Upon returning to Paris, Paul Gauguin was hoping to be able to make his impression felt on the Parisian people. He put together a renegade exhibit, which became known as the Volpini Exhibit. The Volpini suite Gauguin created for the show, was a representation of the first print making work he would create; it was meant to represent the work he had done, since the last exhibit he was a part of, three years prior, in 1886.
The failure which Paul Gauguin underwent with the Volpini Exhibit, caused him to want to leave Paris, and in 1891 made his way to Tahiti. The first piece of work he did while in Tahiti, represents the Virgin Mary being worshiped by two other women, who were dressed in bright colored dresses, and were in a lush, tropical landscape. This was representative of a photo Gauguin brought with him; similarly the second major piece he created in Tahiti, was also inspired by a photo that he brought with him, when he made the trip over from Paris.
In 1893, Paul Gauguin returned to Paris for the second time in recent years. He began work on a book, which was accompanied by woodcuts; this was being made to contextualize the weird art work he had created while in Tahiti. This would use the woodcuts, to showcase the nature, erotic, and mysterious ways, along with the savage lifestyle he encountered, when he made the trip to Tahiti. Many colors, different ink sets, and different patterns were experimented, during the construction of this book; Paul Gauguin also turned to offset printing, which allowed him to explore different emotional and different artistic effects he could create.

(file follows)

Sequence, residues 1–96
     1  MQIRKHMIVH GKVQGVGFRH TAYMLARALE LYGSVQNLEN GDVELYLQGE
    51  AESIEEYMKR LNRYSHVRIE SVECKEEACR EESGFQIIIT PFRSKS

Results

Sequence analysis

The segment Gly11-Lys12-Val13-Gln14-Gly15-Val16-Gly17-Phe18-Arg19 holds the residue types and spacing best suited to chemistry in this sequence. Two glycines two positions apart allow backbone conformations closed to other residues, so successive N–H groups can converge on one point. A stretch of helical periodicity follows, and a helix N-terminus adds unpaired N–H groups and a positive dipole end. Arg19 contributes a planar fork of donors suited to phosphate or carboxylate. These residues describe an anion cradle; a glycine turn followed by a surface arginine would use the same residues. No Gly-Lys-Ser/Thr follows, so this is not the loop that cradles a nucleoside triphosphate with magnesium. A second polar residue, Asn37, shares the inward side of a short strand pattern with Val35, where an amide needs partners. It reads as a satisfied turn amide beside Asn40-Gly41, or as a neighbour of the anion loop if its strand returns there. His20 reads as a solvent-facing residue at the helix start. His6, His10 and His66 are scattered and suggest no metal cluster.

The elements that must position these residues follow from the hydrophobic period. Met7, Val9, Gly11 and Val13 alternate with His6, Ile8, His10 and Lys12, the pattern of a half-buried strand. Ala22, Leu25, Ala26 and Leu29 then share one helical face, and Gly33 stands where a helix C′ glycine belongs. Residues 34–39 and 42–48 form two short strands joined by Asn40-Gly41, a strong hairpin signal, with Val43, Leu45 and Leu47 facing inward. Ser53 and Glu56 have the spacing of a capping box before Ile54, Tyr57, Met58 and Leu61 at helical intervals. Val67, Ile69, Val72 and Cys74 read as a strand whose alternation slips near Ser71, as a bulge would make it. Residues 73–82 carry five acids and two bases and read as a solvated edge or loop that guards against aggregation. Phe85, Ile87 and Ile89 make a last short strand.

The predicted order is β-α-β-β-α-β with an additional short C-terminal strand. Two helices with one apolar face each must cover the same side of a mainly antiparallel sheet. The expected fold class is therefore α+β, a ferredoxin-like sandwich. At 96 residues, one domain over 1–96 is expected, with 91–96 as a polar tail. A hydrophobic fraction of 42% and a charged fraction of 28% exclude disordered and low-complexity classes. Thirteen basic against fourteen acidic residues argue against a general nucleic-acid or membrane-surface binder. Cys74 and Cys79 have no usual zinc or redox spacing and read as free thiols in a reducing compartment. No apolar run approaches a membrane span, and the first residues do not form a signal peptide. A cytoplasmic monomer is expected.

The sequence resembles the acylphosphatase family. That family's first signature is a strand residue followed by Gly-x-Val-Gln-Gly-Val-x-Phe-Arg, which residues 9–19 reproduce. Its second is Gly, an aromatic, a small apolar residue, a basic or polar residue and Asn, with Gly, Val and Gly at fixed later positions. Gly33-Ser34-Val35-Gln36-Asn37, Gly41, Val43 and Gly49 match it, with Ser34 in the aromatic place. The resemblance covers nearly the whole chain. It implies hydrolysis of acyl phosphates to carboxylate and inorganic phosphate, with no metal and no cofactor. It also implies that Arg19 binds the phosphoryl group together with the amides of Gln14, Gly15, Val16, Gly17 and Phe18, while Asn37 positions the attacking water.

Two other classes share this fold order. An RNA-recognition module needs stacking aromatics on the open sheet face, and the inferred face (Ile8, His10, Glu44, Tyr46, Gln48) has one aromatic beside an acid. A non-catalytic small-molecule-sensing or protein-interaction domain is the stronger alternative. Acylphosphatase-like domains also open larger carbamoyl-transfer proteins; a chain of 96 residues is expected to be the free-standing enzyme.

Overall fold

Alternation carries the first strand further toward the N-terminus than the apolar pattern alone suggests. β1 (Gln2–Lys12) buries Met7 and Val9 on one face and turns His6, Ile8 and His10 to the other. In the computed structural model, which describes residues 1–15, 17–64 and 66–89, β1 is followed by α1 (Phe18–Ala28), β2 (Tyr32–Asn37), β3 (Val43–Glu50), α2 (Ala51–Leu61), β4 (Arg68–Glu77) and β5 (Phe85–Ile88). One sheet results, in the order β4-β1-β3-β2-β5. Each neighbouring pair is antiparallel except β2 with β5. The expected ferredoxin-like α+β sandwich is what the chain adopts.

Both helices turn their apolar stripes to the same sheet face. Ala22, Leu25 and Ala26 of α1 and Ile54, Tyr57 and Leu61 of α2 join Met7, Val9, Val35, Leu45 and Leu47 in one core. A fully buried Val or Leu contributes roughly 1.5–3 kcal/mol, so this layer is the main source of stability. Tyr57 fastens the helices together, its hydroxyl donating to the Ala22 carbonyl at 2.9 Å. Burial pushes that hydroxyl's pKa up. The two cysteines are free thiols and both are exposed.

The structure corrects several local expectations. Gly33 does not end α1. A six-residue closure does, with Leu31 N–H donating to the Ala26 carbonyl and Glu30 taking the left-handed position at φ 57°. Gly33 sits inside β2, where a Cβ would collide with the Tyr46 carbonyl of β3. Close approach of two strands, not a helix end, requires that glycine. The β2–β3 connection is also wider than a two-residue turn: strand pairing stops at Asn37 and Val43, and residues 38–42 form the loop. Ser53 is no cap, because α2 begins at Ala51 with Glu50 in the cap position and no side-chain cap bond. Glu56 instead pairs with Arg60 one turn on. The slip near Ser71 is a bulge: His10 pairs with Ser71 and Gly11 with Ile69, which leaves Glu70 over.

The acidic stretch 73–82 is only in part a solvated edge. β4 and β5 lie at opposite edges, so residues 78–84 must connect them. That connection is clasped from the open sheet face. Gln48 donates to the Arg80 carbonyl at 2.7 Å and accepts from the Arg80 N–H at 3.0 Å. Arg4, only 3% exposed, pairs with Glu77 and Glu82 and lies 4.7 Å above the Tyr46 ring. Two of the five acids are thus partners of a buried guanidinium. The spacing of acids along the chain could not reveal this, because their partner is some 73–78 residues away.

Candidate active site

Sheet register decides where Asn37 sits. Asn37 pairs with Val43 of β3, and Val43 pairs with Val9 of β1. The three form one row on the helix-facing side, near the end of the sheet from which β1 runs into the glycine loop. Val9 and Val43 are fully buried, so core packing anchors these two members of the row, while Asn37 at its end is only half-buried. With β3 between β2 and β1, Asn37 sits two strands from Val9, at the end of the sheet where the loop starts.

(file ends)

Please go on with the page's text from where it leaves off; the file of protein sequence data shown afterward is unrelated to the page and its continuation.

Paul Gauguin made a second trip to Tahiti in 1895, and with his failing financial success in Paris, decided to remain there until his death a few years later. At this time he was suffering from syphilis; however, in between the hospital visits he had to make, he was able to create one of his most famous pieces: Where do we come from? What are we? Where are we going? This piece is in the Museum of Fine Arts in Boston today. This allegorical piece, served as a synthesis and transitional piece, which showcased the many major art forms which he had worked on during his career, and the different styles he had encountered during the course of his art career.
After this final piece, the work he did in Tahiti, became self-referential; he mainly depicted the same images and figures over and over, in different styles and lights. He would simply cut and paste the same images in different positions and forms. After becoming disillusioned by Western civilization and the colonial corruption that took place in Tahiti, Paul Gauguin left in 1901, and moved to the island Hiva Oa, continually searching for a lost paradise. He lived on this small island until his death, which took place only a couple of years later, when he passed away in 1903.
As leading French Post-Impressionist artist, Paul Gauguin was not well appreciated until after his death. Gauguin was later recognized for his experimental use of colors and synthetist style that were distinguishably different from Impressionism. His work was influential to the French avant-garde and many modern artists, such as Pablo Picasso, Henri Matisse, and Marc Chagall.